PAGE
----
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USPTA ‘hero’ honored for changing lives with wheelchairs and tennis

by Jill Phipps, USPTA staff writer

<i>USPTA member Richard St. Denis gives the gift of mobility through his nonprofit World Access Project.
USPTA member Richard St. Denis gives the gift of mobility through his nonprofit World Access Project.

March 2012 -- For his efforts to provide wheelchairs to those who had to do without, Richard St. Denis has been named one of the top 10 CNN Heroes of 2011.

The CNN tribute to everyday heroes honors those who make “extraordinary contributions to help improve the lives of others.”

The Cable News Network recognized this wheelchair-certified member of the USPTA for changing lives in poor, rural areas of Mexico where some people with disabilities resort to crawling, using crude crutches or simply staying inside because they have no means of mobility.

The 56-year-old St. Denis, who himself has used a wheelchair since he broke his back in a 1976 skiing accident, is founder, director and president of the nonprofit World Access Project.

St. Denis was featured on CNN and received $50,000, which he said he’ll use toward building a rehabilitation facility in the small village of Santiago Casandeje, Mexico. Most of the year, he lives in Casandeje with his wife, Hazuki, but they spend about two months at their home in Tucson, Ariz.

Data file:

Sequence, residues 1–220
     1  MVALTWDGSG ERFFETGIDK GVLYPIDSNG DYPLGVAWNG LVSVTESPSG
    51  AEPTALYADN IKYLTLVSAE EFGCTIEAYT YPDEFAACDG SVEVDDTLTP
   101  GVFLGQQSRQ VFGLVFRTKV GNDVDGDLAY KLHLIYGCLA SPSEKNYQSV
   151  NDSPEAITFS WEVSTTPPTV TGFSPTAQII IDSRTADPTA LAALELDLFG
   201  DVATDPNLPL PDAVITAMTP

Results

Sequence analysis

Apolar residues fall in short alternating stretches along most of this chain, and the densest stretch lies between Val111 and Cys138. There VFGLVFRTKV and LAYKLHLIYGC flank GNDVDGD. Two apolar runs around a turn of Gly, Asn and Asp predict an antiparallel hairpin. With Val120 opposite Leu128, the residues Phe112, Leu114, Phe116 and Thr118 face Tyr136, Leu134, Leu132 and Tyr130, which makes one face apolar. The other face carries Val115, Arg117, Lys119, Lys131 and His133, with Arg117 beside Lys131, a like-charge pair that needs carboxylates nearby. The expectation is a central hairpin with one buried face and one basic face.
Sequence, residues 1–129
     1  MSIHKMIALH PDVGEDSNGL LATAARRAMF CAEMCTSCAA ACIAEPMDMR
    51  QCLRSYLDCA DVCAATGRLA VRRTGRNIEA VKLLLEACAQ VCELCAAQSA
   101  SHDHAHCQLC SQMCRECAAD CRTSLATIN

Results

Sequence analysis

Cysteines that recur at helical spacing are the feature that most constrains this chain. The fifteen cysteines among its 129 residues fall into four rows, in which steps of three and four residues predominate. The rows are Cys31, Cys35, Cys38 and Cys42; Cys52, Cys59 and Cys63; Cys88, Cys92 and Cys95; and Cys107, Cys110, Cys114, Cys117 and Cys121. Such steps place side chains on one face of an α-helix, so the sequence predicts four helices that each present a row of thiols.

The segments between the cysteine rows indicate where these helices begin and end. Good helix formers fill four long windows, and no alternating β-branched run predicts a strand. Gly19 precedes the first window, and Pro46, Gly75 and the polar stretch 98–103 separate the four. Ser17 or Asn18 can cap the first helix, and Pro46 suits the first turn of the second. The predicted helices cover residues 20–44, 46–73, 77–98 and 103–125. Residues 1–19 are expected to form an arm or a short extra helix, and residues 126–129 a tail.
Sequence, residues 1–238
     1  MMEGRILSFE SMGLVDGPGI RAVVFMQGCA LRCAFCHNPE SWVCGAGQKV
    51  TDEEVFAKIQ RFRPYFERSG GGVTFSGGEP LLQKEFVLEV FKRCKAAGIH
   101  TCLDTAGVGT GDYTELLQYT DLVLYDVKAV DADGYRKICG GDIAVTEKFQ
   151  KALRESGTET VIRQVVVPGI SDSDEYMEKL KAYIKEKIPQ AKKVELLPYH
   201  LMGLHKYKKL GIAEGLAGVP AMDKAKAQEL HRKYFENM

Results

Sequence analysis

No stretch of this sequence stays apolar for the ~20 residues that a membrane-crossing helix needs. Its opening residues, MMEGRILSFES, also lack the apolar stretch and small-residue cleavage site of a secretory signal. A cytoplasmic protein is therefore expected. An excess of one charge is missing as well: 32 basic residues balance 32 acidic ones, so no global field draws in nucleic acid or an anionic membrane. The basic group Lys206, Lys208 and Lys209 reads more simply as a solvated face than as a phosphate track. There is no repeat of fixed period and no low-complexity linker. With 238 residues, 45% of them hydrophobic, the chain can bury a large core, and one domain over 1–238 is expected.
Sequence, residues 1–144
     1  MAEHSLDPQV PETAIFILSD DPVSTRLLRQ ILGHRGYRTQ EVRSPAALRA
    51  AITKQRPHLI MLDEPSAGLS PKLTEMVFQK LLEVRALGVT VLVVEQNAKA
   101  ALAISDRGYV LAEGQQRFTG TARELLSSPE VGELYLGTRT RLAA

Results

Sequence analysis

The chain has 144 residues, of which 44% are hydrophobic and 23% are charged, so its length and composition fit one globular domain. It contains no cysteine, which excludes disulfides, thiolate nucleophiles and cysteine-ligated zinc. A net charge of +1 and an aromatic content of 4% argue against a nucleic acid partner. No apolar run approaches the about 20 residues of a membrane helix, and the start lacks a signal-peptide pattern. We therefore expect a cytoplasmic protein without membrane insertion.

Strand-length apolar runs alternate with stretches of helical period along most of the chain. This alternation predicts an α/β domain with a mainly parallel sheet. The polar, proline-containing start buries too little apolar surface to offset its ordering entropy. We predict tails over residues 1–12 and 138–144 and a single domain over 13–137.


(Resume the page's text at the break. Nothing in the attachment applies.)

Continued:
St. Denis said in the CNN interview that he was grateful to share his organization’s work on national television. “There are thousands of wheelchairs sitting in peoples’ garages and basements. We hope that through this show, we can get people to donate wheelchairs so we can put them to good use.”

Carolyn Pali, a parishioner at Resurrection Lutheran Church in Spring, Texas, nominated St. Denis for the annual “heroes” segment and online voting drove him into the top 10. Pali’s church collects wheelchair donations from the Houston area and has sent volunteers to Mexico for several years.

St. Denis took his first wheelchair to Mexico in 1997, when he was living in Colorado and working as an attorney. He had one wheelchair to give away, and he picked a 17-year-old girl with polio who depended on her mother to carry her around. She was so happy that he knew he couldn’t stop there and began making the trip every year.

The World Access Project also now purchases wheelchairs, crutches and walkers from a company in that country that makes wheelchairs designed for rural Mexico’s rough terrain.

St. Denis and his team of volunteers show the recipients of the wheelchairs how to use them, then help encourage their new mobility by teaching them tennis and other sports. Some take up the sport and play on teams.

The organization needs volunteers to help with sports camps. St. Denis stresses that you don’t have to be an athlete (or tennis pro); you just have to care enough to encourage – and have fun.

The World Access Project also sponsors the best players from Mexico to go to the United States to play in the Southwest Desert Classic, an international wheelchair tennis tournament in Tucson.

For more information or to donate “gently used” tennis racquets or balls, contact Richard St. Denis at or call World Access Project at (520) 343-4402.
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